Re: Desktop Linux? Where is it hiding? Is this group a joke or something?
From: Kier (vallon_at_tiscali.co.uk)
Date: Sat, 28 May 2005 16:12:04 +0100
On Sat, 28 May 2005 07:44:02 -0700, lqualig wrote:
> You made some very good points. But you're completely off base with
> this one...
>>Wrong. Users should know everything about how the OS works,
>> about how the programs they use interface. This way, they can
>> actually use the system competently, and troubleshoot their problems.
>> Computers should NOT be black boxes.
> The first sentence would be better phrased - "Computer geeks want to
> know everything about how the OS works..."
The point being made here is slightly different, IMO. Computers (at least
in teh Windows world) have developed as black boxes to a large extent, and
are aimed at the lowest common denominator. Now, this is okay in some
ways, because it brings the many benefits of computers to the masses. But
on effect it encourages a lowest common denominator attitude, creating
users whouse the computer without understanding it, just as they might
drive a car. They are then at the mercy of third parties when things go
Of course, you may say, everything is like this. But it doesn't have to be.
> "Users" are the average Joe in this country. They want to start their
> computer and check email, surf the web a bit, write some letters, pay
> their bills and play a game or two. Sales and Marketing types need to
> use spreadsheets and create powerpoint presentations. Doctors want to
> access medical information. Etc, etc, etc.
> The average doctor, mechanic, mom, pilot, cop, etc DOES want the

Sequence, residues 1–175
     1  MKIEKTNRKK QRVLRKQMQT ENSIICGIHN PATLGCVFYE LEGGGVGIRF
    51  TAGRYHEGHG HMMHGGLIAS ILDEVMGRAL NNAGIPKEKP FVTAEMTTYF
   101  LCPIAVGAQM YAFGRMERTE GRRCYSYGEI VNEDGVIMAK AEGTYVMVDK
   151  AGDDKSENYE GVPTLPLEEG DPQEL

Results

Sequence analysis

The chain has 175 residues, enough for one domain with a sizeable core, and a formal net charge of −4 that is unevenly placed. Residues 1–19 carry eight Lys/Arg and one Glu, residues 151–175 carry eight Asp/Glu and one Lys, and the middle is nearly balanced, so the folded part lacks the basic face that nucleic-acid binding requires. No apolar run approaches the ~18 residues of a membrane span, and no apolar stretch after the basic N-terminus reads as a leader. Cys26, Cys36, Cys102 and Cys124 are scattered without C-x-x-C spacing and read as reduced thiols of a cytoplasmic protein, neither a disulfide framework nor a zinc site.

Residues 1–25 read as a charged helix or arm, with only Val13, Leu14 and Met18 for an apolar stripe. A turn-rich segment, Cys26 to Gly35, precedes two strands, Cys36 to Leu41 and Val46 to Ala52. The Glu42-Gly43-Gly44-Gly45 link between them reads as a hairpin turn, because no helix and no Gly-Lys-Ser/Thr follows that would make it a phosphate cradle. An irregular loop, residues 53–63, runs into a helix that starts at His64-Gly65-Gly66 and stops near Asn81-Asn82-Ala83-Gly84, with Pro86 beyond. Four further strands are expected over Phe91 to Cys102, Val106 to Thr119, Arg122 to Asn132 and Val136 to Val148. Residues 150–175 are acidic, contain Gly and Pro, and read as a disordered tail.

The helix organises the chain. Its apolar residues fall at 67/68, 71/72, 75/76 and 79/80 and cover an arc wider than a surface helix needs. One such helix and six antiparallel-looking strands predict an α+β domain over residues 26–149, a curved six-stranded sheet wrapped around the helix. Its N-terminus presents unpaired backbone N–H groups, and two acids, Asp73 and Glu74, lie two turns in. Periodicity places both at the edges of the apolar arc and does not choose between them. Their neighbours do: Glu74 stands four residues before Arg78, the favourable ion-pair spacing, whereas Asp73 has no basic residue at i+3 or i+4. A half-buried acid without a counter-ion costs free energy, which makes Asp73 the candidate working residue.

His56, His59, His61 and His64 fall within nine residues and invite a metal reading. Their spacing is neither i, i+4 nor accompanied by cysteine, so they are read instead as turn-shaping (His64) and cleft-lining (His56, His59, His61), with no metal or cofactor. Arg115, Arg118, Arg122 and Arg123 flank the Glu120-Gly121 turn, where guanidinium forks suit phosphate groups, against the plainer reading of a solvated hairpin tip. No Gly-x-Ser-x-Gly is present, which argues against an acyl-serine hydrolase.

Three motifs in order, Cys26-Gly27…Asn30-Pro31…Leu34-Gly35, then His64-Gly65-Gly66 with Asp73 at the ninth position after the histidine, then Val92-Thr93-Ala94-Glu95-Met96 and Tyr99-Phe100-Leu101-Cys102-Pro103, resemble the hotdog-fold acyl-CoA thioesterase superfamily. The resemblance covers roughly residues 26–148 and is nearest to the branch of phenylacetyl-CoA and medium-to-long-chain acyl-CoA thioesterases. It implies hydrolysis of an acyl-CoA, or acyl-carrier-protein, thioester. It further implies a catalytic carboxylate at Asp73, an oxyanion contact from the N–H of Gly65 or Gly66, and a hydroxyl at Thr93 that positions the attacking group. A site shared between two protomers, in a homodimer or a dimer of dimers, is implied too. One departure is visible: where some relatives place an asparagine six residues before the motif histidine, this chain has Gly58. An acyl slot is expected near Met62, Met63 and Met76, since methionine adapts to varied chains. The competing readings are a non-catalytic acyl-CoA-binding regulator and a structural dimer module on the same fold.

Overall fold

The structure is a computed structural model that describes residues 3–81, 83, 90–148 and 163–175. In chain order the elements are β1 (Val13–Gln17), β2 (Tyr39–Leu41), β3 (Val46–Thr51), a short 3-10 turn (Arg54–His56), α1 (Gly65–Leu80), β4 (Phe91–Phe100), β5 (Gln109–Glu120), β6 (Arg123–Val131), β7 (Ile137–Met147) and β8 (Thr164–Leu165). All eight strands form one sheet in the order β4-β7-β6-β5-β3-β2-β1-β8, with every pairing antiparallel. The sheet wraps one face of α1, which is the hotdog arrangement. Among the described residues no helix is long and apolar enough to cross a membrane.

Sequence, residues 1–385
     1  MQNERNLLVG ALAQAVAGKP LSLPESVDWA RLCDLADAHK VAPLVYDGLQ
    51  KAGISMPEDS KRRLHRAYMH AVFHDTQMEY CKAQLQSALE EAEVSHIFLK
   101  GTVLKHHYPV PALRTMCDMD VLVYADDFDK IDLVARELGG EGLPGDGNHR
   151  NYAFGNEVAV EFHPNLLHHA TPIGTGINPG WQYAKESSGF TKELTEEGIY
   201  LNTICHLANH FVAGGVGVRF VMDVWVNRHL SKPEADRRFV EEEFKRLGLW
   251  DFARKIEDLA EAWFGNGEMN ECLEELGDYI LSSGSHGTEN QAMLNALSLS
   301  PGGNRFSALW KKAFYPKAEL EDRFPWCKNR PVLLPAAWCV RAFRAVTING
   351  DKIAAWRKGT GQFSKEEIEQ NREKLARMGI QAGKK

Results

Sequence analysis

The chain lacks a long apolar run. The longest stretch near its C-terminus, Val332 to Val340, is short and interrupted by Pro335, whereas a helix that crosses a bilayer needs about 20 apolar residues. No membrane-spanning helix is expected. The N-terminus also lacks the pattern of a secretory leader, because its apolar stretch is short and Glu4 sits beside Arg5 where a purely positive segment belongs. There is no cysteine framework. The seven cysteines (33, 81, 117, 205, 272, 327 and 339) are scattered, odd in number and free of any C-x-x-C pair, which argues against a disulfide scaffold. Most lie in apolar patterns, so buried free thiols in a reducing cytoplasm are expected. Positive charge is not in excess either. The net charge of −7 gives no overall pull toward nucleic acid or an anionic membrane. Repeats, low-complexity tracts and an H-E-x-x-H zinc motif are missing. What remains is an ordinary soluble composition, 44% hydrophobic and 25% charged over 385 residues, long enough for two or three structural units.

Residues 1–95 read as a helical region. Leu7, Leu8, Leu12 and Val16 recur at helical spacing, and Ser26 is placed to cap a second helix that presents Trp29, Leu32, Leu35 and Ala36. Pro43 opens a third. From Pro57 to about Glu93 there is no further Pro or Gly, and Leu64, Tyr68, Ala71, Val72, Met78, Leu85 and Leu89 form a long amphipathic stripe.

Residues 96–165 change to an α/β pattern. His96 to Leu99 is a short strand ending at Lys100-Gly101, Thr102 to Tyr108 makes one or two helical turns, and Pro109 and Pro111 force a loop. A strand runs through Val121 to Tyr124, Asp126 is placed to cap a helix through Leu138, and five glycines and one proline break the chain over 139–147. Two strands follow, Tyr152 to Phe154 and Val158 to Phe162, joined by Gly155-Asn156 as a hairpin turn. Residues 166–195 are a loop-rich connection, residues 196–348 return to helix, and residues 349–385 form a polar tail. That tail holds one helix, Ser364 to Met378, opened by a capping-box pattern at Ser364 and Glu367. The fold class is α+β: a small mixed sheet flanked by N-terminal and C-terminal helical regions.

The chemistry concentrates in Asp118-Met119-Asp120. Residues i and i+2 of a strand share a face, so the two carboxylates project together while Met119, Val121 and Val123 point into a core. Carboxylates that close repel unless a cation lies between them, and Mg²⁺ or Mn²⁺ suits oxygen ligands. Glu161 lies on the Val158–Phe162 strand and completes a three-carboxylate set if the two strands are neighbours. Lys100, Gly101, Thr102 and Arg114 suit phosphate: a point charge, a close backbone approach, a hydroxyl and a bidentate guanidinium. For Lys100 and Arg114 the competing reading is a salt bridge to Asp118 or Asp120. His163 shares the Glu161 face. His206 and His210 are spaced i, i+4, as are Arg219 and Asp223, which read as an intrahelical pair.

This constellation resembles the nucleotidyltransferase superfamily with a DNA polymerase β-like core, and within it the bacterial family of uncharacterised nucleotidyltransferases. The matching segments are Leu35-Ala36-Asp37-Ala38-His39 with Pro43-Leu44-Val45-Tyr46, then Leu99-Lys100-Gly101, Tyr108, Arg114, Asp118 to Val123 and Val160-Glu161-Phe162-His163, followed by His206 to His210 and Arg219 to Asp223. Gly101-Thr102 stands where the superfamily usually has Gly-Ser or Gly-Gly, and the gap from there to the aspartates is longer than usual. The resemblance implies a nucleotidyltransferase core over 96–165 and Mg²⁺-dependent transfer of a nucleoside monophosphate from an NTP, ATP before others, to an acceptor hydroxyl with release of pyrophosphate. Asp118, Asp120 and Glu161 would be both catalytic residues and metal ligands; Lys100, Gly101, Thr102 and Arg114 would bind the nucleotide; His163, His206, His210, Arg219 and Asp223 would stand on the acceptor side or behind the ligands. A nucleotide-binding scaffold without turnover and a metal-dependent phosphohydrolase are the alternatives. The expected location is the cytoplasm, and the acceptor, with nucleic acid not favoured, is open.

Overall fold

> computer to be a black box. They could care less to "know everything
> about how the OS works." I'd estimate that over 95% of computer users
> in this world have zero inclination to learn everything about how their
> OS works. They just need to use a computer to get their work done.
This isn't particularly in dispute.. But not all those users will be
without some curiosity. It's like cars. Some people just want to drive
them, others love to tinker, or want to save costs by maintaining their
own car. They are pretty much ordinary users too.
> If the selling point of Linux to these people is - "With Linux you'll
> get to learn everything there is to know about operating systems" then
> people will run, not walk, away from you.
If it were the only 'selling point', that might be true. But of course it
isn't. And it very much depends on what type of users you're aiming at.
For the average person, you're going to talk about freedom from viruses,
stability, low cost, and fun. The latest distros supply all this, and more
under the surface for those who want it. It's just a matter of emphasis.